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    Ireland Building Hydrogen Testing Facility


GNA sees hydrogen and renewable gases playing a key role in making its grid carbon-neutral by 2050.

by: Joseph Murphy

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Ireland Building Hydrogen Testing Facility

Gas Networks Ireland (GNA) is constructing a hydrogen testing facility at Brownsbarn in West Dublin, the grid operator has told NGW.

Ireland is due to mostly run out of gas over the next decade, with the government predicting that it will be more than 90% reliant on imports by 2030, as a result of Corrib and other key fields reaching depletion. However, hydrogen can be fed into Ireland's existing gas network and is "an attractive option to decarbonise energy systems," GNA said.

The facility GNA is building consists of a small, standalone gas network representative of the national grid that will be tested with pure hydrogen, hydrogen-natural gas and hydrogen-renewable gas mixes. Testing is expected to begin in 2021.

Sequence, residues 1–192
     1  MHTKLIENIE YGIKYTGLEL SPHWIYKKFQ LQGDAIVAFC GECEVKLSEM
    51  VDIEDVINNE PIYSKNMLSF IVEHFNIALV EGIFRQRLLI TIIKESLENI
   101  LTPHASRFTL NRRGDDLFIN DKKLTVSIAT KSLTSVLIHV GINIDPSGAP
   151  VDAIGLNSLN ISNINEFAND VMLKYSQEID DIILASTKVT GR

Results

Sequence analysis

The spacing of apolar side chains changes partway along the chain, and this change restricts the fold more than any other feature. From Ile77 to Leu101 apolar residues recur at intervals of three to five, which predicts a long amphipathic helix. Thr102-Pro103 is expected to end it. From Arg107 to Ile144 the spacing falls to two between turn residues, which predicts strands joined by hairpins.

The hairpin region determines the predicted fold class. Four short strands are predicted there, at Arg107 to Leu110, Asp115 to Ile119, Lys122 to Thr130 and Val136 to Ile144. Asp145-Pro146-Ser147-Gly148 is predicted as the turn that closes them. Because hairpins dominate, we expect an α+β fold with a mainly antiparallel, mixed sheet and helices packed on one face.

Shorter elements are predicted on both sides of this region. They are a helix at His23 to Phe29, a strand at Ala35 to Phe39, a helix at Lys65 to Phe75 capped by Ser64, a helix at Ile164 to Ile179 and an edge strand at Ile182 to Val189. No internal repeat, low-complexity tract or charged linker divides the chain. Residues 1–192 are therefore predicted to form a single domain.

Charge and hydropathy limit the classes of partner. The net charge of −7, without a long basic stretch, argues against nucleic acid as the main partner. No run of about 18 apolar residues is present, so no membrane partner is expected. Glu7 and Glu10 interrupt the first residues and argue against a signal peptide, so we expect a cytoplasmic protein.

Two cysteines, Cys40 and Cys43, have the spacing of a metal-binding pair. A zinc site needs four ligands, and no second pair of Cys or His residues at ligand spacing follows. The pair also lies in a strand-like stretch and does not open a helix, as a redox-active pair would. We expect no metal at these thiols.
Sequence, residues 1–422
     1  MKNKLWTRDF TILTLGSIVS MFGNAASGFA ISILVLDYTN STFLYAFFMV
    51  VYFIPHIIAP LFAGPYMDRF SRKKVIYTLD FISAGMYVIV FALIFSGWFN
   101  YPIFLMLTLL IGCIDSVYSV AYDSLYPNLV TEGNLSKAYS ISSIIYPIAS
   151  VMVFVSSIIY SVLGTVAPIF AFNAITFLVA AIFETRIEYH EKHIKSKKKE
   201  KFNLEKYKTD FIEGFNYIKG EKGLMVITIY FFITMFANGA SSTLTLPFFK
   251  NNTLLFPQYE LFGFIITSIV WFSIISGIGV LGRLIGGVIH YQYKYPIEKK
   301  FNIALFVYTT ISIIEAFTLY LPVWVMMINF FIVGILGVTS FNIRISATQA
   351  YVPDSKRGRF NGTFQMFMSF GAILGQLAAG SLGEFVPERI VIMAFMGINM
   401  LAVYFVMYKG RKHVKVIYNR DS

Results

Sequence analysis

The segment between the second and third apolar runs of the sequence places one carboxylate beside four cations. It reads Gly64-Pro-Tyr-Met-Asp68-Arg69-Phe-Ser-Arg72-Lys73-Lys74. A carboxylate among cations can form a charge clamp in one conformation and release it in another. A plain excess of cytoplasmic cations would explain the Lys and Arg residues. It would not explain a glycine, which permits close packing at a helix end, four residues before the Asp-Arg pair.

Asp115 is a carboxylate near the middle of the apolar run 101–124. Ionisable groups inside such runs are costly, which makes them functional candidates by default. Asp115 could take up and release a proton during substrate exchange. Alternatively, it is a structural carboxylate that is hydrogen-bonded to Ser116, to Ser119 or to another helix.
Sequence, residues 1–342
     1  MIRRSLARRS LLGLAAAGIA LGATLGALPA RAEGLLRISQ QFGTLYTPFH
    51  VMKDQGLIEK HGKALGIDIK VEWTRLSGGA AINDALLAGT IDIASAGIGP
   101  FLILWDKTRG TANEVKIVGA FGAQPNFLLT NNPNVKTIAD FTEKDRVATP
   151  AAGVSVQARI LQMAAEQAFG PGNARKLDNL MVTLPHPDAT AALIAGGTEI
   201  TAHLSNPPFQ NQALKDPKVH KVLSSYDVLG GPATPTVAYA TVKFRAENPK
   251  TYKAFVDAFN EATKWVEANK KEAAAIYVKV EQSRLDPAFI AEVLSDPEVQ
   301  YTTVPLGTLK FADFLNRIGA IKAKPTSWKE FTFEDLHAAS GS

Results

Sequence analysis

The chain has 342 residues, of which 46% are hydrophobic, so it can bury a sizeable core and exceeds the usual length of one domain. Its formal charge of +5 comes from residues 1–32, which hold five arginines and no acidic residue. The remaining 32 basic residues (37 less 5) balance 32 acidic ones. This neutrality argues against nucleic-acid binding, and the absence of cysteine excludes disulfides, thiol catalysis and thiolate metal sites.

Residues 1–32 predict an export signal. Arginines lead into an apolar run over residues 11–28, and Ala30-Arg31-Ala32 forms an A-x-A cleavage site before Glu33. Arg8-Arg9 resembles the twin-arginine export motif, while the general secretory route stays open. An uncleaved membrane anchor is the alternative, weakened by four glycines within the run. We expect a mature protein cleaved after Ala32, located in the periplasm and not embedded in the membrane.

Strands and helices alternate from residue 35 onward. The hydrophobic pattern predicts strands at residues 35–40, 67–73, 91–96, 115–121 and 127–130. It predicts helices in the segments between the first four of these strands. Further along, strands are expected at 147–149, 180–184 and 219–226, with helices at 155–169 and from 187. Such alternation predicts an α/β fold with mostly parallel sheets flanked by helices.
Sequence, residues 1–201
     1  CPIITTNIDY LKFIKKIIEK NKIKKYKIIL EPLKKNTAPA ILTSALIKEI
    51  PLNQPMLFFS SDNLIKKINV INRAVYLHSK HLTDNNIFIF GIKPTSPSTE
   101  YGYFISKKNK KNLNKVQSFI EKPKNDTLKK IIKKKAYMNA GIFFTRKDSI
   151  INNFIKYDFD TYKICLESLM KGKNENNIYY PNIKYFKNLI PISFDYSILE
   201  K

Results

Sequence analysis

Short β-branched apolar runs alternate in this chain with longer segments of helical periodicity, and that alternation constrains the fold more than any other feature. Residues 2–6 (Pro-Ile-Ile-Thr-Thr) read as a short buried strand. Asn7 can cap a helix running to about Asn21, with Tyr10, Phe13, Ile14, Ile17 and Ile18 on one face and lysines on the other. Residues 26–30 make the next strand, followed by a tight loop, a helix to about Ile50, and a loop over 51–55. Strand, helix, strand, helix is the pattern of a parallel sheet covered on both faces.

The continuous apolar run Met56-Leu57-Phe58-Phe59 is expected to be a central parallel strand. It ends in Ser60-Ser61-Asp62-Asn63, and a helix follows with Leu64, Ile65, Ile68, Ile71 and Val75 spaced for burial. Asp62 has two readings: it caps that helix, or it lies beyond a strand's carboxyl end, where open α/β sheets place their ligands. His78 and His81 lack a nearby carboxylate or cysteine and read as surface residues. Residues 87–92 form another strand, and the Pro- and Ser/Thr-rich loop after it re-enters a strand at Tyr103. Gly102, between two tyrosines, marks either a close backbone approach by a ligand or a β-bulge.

GNA said hydrogen and renewable gases were set to play a core role in making Ireland's grid carbon-neutral by 2050.

"Developing this test facility is a first step in identifying how hydrogen can be safely introduced into Ireland’s gas network.  In Ireland, hydrogen would leverage the existing gas network to maximise the potential of our renewable resources, particularly offshore wind," GNA's head of operations James Burchill said in a statement shared with NGW. "By turning excess renewable electricity into hydrogen, we can substantially reduce emissions, increase energy security and provide the flexible energy that existing gas customers demand."